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Braggadoʹchio

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A braggart. One who is very valiant with his tongue, but a great coward at heart. A barking dog that bites not. The character is from Spenser’s Faërie Queene, and a type of the “Intemperance of the Tongue.” After a time, like the jackdaw in borrowed plumes, Braggadochio is stripped of all his “glories”: his shield is claimed by Sir Marʹinel; his lady is proved by the golden girdle to be the false Florimel; his horse is claimed by Sir Guyon; Talus shaves off his beard and scourges his squire; and the pretender sneaks off amidst the jeers of everyone. It is thought that the poet had Felipe of Spain in his eye when he drew this character. (Faërie Queene, iii. 8, 10; v. 3.)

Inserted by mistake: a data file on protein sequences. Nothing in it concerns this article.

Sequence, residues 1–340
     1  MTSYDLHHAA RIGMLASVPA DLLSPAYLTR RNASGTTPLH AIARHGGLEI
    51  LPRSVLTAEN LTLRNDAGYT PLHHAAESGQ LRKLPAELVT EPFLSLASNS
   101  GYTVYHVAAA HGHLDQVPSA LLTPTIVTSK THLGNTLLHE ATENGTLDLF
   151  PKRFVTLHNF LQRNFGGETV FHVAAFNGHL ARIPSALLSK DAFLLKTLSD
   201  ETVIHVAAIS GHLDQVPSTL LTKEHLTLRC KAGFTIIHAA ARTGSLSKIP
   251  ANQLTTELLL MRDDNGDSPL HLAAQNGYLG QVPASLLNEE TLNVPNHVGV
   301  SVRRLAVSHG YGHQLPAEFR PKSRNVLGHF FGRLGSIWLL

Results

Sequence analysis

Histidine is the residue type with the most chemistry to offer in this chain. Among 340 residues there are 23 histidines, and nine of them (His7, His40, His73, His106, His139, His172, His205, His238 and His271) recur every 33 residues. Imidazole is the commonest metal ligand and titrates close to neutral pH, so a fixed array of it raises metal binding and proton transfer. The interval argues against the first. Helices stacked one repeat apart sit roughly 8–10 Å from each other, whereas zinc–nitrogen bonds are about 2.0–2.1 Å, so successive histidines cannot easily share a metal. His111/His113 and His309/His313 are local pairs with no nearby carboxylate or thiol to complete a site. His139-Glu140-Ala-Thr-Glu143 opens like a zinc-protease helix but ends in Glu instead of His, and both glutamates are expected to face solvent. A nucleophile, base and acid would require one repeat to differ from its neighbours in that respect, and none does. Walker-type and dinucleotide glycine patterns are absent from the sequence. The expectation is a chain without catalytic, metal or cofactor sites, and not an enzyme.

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Entry taken from Dictionary of Phrase and Fable, edited by the Rev. E. Cobham Brewer, LL.D. and revised in 1895.

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Boz
Bozzy
Brabançonne
Brabançons
Brace
Brace of Shakes
Brad amant or Bradamante
Bradshaw’s Guide
Bradwardine (Rose)
Brag
Braggadochio
Bragi
Bragi’s Apples
Bragi’s Story
Bragmardo
Brahma (Indian)
Brahmi
Brahmin
Bramble (Matthew)
Bran
Bran-new or Brand-new